LP Special: Development squad

These would-be private equity investors have yet to commit wholeheartedly to the asset class, but if they did the impact would be significant.


In recent months, Chinese insurance companies such as Anbang, Ping An and China Life have powered ahead in their buying sprees both at home and abroad. China Life poured $600 million into ride-hailing app Didi Chuxing, while Anbang bought the Waldorf Astoria in New York. It’s not hard to see why. Anbang’s largest shareholders are state-owned companies Shanghai Automotive Industry Group Corporation and oil giant Sinopec Group, Ping An is backed by CITIC Securities and Temasek, while China Life is a state insurer. The big insurers have already backed several PE funds at home, but expect them to start dipping into overseas private equity.


Following the appointment of Sheikh Abdullah bin Mohammed bin Saud Al Thani as chief executive in December 2014, Qatar’s $300 billion sovereign wealth fund is looking to diversify its asset base, according to reports. QIA is intending to increase its investments in Asia and the US, and while the bulk of its private equity activity thus far has been direct, industry insiders and media reports suggest it plans to allocate more money to third-party fund managers.


Angola’s sovereign wealth fund, known as Fundo Soberano de Angola (FSDEA), has nearly $5 billion in assets under management and is looking to diversify revenue sources beyond oil production and trading. It recently increased its allocation to private equity, including infrastructure, real estate, agriculture and mezzanine investments, to 58 percent of its portfolio, up from 34 percent at the end of 2014. However, most in the private equity world won't be able to secure a commitment from FSDEA as it is focusing solely on investing in Angola and sub-Saharan Africa. FSDEA’s only exposure to North America and Europe will be through its fixed income portfolio.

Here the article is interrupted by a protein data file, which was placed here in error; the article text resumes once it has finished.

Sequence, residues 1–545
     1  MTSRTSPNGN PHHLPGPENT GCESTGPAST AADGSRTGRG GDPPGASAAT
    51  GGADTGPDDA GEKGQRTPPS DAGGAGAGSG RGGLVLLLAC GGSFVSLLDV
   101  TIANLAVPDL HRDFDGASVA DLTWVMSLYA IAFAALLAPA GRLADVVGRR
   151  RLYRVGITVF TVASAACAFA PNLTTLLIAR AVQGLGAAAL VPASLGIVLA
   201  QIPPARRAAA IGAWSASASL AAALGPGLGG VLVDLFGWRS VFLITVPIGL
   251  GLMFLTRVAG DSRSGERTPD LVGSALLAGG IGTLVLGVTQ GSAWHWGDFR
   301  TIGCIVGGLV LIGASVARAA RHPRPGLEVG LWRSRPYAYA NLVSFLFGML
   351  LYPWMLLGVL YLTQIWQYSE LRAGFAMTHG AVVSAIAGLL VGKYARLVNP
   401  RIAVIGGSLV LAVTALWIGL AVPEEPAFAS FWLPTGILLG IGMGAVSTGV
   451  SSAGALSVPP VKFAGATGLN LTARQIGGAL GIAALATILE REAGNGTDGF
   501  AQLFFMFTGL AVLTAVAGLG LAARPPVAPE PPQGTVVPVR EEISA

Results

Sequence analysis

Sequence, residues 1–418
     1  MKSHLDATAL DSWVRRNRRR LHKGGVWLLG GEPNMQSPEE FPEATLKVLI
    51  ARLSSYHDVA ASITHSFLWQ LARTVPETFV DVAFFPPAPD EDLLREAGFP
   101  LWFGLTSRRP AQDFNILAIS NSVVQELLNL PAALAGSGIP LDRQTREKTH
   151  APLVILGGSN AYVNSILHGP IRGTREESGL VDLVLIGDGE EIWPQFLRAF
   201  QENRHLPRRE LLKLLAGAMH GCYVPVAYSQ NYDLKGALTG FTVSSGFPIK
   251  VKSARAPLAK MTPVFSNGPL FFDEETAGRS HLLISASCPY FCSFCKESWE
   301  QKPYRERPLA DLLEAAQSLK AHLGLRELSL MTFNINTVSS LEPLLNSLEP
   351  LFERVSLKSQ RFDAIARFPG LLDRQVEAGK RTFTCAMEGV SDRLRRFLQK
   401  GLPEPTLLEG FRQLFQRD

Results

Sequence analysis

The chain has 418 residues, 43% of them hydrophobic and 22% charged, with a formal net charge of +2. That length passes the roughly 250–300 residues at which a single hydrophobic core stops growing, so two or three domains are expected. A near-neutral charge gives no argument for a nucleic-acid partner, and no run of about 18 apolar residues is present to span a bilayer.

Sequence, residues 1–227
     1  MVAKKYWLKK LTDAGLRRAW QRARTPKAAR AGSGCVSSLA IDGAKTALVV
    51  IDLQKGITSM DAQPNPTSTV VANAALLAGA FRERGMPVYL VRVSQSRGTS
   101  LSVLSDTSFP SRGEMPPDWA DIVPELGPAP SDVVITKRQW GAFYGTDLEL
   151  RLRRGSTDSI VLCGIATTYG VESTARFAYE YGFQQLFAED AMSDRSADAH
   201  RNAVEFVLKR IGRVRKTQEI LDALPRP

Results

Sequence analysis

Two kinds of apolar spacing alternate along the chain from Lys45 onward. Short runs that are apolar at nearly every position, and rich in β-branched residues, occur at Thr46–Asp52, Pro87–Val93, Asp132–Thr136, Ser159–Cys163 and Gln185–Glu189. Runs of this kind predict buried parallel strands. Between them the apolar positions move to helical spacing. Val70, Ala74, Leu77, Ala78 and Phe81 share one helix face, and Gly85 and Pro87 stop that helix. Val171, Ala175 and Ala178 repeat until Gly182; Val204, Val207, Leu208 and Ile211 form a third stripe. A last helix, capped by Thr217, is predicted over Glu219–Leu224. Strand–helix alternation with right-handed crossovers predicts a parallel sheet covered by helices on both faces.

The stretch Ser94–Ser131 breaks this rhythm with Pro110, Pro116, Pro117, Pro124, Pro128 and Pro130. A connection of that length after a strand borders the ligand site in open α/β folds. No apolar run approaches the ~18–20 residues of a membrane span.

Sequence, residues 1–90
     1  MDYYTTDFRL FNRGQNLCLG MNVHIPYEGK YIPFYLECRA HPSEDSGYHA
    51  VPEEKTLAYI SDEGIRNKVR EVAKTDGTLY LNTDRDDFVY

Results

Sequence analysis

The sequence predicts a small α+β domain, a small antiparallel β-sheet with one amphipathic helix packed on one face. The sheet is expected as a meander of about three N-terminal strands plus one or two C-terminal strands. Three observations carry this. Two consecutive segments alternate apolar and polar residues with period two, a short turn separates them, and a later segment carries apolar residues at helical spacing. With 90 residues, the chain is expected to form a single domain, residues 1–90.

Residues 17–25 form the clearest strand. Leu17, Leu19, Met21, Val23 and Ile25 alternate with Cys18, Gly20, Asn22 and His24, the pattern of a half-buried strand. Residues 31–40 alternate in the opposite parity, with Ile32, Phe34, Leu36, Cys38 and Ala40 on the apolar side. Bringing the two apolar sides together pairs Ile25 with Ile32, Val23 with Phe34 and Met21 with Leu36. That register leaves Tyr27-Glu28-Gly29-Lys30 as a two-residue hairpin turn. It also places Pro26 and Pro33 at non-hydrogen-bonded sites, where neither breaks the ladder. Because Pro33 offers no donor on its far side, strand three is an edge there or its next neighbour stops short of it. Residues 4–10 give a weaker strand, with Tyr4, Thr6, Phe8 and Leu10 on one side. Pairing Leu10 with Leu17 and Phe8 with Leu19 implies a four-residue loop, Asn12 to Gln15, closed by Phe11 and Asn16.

Norway’s sovereign wealth fund is the largest in the world, currently valued at NKr7.15 trillion ($853 billion; €759 billion). Set up in 1990, the fund, which is managed by Norges Bank Investment Management, part of Norway’s central bank, holds the surplus wealth produced by the country's petroleum income. GPFG’s current investment strategy is 60 percent equities, 35 percent fixed income and 5 percent real estate. Setting up a private equity arm for such a behemoth would be no mean feat, but if the fund were to allocate even 1 percent of its colossal haul to private equity the impact on the industry would be substantial.


Japan’s public pension, the world’s largest at $1.2 trillion, has an untouched allocation to alternatives of up to 5 percent, or about $60 billion. GPs and investors have watched developments unfold over the last year, including the appointment of Norinchukin Bank’s ex-managing director Norihiro Takahashi as its new president; the hire of former Coller Capital partner Hiromichi Mizuno as its first head of investment; and its first move into private equity — a partnership with the International Finance Corporation to provide $500 million for investments in developing countries. Industry players are excited about the potential for other Japanese pensions to follow suit.